Thus, the trend has continued in July with both volumes and values significantly ahead of 2020 levels with the percentage rise in values continuing to increase month on month. July 2021 saw an increase of 14% in the volume of Single Immediate Payments processed in the month compared to 2020 and 22% in the value of Single Immediate Payments.

The increased use of faster payments seems to be a digital payment habit that will be here to stay, reinforced throughout each lockdown over the last 12 months and continuing as restrictions ease. With differing conditions likely over the remainder of the year, the resilience of this particular payment habit coupled with likely increased activity in 2021 suggests that further year on year growth would be expected.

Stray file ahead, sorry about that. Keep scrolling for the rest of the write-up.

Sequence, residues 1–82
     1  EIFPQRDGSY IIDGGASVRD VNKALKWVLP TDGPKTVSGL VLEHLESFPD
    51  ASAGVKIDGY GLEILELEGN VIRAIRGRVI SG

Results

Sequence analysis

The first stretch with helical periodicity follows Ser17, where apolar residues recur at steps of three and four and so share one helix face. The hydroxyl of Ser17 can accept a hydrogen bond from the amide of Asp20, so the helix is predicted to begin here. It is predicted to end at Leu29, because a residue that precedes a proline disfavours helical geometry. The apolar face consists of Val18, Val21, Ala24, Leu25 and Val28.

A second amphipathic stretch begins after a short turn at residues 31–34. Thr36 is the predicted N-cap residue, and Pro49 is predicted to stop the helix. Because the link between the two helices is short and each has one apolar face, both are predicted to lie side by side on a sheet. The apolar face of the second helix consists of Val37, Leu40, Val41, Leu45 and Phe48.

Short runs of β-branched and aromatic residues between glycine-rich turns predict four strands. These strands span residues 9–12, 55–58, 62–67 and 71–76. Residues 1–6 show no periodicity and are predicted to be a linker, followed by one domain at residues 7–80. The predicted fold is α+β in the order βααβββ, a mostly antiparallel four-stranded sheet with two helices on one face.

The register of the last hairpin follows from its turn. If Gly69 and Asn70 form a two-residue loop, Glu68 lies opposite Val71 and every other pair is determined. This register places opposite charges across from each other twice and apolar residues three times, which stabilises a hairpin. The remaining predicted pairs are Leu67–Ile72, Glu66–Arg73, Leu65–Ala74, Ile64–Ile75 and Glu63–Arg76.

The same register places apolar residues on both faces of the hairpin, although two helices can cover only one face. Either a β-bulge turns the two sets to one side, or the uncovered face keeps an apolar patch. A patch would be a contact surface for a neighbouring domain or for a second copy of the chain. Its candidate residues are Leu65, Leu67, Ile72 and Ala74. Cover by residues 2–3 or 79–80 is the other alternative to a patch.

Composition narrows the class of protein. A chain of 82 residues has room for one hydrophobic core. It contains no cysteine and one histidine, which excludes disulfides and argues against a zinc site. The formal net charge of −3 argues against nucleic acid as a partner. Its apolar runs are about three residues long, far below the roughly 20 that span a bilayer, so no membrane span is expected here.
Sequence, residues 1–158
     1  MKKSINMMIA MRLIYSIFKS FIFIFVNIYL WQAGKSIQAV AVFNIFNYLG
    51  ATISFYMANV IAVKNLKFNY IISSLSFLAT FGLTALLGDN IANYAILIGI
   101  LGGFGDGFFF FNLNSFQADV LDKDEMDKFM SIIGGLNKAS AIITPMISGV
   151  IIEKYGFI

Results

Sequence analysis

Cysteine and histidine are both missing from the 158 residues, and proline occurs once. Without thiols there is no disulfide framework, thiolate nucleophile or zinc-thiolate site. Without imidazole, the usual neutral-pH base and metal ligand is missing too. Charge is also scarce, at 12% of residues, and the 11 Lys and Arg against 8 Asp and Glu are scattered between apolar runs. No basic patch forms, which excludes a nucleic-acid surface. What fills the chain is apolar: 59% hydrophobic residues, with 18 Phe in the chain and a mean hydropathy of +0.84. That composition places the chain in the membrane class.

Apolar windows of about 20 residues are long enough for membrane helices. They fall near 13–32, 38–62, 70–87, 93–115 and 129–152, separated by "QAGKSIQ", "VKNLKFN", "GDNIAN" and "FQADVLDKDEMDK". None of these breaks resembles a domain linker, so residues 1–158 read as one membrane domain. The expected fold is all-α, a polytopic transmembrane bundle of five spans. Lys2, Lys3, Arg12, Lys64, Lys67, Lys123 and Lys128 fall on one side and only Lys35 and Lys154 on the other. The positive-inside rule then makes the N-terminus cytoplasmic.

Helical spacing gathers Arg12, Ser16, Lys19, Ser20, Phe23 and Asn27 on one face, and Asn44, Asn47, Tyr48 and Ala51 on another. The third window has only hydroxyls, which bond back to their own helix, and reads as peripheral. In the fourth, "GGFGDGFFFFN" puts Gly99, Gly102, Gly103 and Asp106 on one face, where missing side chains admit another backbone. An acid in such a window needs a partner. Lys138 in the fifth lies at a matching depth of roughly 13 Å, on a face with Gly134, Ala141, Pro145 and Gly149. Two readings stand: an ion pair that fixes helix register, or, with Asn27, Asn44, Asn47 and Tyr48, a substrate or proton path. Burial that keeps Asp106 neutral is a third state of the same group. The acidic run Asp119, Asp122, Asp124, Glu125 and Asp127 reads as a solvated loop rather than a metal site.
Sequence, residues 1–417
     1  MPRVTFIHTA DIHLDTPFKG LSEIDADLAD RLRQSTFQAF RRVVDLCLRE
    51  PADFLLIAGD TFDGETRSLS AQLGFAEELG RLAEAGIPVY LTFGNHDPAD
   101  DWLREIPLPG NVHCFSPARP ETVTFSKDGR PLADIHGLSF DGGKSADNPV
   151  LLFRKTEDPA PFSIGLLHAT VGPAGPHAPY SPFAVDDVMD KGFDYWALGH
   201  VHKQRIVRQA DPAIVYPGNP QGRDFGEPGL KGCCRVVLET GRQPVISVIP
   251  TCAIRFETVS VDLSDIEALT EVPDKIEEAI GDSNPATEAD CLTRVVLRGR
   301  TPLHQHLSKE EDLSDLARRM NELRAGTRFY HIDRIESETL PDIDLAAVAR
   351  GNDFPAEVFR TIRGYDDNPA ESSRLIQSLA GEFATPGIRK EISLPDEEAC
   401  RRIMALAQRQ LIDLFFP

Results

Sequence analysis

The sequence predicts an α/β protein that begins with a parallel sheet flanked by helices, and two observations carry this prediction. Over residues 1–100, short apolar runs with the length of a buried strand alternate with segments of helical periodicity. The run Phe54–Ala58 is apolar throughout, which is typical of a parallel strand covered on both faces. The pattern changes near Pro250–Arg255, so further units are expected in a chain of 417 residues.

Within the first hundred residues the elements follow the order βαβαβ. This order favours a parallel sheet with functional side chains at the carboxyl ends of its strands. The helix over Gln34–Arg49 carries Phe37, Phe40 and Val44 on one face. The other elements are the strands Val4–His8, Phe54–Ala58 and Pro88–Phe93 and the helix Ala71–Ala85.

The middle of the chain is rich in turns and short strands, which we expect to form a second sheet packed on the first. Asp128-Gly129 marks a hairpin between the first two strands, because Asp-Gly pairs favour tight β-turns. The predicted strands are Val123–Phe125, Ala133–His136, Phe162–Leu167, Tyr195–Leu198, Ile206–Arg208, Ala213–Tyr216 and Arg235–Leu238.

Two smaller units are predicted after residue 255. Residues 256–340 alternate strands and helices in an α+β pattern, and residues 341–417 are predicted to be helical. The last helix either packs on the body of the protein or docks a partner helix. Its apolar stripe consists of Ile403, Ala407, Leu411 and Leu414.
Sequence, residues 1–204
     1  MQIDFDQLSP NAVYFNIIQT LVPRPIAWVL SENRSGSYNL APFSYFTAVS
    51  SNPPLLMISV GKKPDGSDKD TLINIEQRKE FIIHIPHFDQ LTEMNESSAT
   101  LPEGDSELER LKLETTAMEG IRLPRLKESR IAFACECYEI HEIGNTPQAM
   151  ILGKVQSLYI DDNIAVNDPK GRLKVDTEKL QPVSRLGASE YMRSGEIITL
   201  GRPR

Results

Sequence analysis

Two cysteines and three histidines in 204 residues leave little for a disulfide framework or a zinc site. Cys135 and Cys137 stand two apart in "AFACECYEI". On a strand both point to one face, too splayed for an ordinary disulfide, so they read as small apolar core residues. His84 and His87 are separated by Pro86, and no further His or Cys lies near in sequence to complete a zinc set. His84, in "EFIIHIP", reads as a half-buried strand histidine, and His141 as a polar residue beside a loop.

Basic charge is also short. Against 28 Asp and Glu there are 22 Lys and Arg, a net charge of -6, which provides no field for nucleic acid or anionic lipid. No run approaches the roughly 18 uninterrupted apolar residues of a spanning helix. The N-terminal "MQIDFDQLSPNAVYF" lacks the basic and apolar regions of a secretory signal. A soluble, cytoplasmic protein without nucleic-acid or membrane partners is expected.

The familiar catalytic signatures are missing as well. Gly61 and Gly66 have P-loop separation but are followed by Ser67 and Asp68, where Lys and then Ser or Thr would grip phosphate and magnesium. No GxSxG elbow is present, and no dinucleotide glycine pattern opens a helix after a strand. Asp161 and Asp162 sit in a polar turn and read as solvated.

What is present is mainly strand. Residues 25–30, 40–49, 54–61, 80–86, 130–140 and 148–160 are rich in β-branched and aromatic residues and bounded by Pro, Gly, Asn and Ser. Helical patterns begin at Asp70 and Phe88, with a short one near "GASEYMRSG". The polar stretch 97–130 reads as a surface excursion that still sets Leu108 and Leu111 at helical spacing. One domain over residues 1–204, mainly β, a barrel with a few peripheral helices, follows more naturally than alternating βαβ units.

Cheques

In the 12 months to the end of July 2021 we see that:

  • Cheque volumes have decreased by 25% (12 months to June 26%).
  • Cheque values have decreased by 31% (12 months to June 33%).

Thus, despite the introduction of the image-based cheque clearing system, the volumes have continued to drop over the 12 month period. Volumes processed by the Image Clearing System in July were 17% lower than during July 2020 with the value also 2% lower for the month. Therefore, although many have undoubtedly switched to digital payment options, there is some underlying resilience, particularly in the value of cheques processed, which continues to be seen in this method of payment.

However, with both volumes and values of digital payments continuing to increase the share of legacy payments within the total continues to fall. For example, for the twelve months to July 2020 the volume of cheque payments accounts for 2.4% of the total (for Bacs/CHAPS/Faster payments and Image Clearing System) falling to 1.7% in 2021; the value accounted for 0.3% of these payments for the 12 months to July 2020 and 0.2% for the 12 months to July 2021.